Mongolian Activist Single Handedly Protects Snow Leopards From Mining Companies 

Posted on September 7th 2019

snow leopard cub

A former language instructor who is now an animal activist has single handedly managed to save thousands of snow leopards from the threats posed by mining companies. Ms Bayarjargal Agvaantseren who is now 49 first became interested in helping conserve these vulnerable big cuts after she spent some time translating for a group of wildlife scientists during the 1980’s.

Habitat destruction and poaching

The snow leopard population in Southern Mongolia has been declining as a result of habitat destruction and poaching. Prior to Ms Agvaantseren embarking on a determined effort conserve the species, snow leopards were also the victims of farmers engaging in retaliatory killings or seeking to keep their livestock protected. Her first project was to create an insurance program for local herders and upon successfully creating that, the farmers were recruited as allies in her fight to keep snow leopards protected.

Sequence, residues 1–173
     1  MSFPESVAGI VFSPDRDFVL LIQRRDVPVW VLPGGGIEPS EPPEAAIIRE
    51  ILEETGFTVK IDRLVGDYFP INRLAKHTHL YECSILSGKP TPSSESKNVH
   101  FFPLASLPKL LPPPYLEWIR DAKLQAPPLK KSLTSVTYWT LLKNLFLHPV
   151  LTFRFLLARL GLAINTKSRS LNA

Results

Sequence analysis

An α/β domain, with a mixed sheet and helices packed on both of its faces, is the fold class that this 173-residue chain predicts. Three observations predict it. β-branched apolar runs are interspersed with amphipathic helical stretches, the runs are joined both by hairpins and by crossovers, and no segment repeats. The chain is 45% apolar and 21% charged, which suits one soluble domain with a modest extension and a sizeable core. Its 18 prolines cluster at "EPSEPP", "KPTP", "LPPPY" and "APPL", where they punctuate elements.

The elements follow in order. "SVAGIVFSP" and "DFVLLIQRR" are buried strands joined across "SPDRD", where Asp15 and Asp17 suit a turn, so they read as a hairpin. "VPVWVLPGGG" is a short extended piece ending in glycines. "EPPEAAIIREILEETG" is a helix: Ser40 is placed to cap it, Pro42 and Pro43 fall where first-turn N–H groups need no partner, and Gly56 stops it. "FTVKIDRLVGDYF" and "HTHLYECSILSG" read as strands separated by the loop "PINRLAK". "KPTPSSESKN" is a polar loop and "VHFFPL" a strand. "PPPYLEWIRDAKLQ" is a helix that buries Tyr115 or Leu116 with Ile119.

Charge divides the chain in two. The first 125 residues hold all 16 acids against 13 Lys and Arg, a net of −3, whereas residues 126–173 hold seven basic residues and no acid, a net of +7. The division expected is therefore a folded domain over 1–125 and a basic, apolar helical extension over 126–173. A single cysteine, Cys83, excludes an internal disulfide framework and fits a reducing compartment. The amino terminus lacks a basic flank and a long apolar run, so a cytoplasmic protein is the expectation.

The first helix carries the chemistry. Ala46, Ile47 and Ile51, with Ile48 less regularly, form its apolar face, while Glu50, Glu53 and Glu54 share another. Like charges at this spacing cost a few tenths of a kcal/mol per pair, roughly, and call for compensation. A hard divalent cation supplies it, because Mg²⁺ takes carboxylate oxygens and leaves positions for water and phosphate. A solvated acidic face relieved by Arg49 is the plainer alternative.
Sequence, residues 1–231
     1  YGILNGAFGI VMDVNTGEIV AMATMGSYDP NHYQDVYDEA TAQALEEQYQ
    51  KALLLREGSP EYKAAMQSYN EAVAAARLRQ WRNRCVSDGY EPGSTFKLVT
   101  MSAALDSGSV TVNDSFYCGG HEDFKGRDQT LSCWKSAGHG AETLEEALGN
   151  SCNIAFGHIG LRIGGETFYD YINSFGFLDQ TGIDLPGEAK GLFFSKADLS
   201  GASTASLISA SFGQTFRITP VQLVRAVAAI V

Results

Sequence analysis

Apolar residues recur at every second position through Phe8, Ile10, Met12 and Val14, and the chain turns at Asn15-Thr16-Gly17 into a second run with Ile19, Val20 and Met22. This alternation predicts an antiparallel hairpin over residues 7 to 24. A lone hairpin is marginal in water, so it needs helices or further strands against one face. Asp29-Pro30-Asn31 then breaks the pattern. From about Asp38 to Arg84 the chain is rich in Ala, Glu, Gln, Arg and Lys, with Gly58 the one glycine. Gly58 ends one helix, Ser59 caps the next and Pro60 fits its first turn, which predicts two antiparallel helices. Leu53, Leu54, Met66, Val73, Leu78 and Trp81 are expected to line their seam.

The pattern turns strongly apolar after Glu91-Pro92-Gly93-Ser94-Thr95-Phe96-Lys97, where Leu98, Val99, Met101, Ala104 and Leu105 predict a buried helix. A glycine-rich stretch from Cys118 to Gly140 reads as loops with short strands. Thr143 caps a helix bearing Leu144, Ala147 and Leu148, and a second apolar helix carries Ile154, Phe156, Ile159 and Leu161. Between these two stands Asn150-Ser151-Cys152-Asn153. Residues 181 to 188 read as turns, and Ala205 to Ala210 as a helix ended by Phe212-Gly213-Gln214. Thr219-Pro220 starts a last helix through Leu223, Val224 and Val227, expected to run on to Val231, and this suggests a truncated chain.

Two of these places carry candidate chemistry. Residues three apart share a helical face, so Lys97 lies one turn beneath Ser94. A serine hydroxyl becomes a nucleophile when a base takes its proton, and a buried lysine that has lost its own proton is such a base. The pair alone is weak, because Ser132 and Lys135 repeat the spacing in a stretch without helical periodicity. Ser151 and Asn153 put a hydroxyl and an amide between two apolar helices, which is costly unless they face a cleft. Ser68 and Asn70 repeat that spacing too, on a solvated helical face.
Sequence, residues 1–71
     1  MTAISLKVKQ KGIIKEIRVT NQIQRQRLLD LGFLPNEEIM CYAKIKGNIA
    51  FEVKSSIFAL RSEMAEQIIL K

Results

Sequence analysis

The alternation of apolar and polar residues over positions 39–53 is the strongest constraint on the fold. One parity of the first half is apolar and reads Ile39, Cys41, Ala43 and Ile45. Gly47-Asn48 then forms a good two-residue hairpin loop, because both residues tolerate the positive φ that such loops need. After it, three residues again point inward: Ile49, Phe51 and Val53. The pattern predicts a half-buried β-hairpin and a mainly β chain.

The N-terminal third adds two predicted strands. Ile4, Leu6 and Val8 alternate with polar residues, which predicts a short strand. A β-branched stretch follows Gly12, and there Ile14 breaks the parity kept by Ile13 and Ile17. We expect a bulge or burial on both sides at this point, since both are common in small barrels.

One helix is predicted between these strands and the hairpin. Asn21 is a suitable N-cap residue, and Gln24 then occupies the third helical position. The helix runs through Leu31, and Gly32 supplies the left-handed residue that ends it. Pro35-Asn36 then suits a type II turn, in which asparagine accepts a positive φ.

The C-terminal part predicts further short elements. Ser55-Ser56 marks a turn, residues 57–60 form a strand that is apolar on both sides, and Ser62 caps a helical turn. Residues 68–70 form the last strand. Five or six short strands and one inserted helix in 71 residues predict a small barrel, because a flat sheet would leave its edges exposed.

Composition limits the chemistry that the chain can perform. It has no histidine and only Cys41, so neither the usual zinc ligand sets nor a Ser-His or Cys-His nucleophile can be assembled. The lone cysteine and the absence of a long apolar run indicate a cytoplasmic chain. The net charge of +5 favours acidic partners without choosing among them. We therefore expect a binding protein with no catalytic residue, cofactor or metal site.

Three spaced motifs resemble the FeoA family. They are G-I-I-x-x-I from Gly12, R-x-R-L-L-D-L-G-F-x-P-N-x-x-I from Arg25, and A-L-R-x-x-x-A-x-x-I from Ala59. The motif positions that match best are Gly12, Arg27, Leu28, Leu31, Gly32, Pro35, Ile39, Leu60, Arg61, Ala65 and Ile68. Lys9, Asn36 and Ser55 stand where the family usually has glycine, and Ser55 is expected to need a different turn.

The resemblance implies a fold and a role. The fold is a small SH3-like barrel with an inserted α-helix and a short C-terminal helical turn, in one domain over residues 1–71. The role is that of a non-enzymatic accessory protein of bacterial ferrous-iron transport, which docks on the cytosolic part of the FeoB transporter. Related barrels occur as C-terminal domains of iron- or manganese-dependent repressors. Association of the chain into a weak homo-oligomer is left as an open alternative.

Creating a nature reserve

It was down to Ms Agvaantseren’s advocacy that the 1.8-million-acre region was turned into the acre Tost Tosonbumba Nature Reserve. This is an astonishing achievement because it is Mongolia’s first federally protected area specifically for the purposes of protecting snow leopards. Not satisfied with that, Ms Agvaantseren has managed to convince the government of Mongolia to revoke all 37 mining licenses in the region and all future mining permits in the reserve have been banned.

Achievements recognised

In recognition of this outstanding conservation career, Ms Ms Agvaantseren was awarded this year’s Goldman Environmental Prize for Asia. The organisation cited her achievement in a remote an unforgiving part of the planet that is dominated by uncontrolled mining operations where she advocated to keep what is left of Mongolia’s snow leopard population protected. Goldman adds that she was able to change the snow leopard narrative with herder communities who now think of the species as part of their identity.

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